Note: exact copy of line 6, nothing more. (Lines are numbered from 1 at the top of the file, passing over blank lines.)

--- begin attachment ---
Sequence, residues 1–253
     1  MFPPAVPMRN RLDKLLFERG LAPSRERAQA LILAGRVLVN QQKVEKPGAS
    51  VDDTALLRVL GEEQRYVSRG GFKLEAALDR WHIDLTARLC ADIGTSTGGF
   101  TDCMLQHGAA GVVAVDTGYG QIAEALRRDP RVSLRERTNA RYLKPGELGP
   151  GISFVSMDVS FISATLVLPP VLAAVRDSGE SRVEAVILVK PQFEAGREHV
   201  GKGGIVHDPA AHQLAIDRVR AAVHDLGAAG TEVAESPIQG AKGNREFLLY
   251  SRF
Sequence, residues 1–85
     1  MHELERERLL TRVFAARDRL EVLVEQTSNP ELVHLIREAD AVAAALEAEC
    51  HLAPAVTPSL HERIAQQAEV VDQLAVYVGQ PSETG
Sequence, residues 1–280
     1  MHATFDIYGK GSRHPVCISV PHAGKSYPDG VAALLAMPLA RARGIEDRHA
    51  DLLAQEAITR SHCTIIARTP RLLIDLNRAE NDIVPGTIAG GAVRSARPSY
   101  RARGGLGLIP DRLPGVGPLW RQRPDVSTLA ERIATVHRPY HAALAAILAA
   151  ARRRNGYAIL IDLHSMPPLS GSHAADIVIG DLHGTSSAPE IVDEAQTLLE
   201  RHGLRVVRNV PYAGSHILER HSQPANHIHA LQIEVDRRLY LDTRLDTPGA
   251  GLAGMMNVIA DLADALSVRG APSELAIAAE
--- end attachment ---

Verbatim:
   201  GKGGIVHDPA AHQLAIDRVR AAVHDLGAAG TEVAESPIQG AKGNREFLLY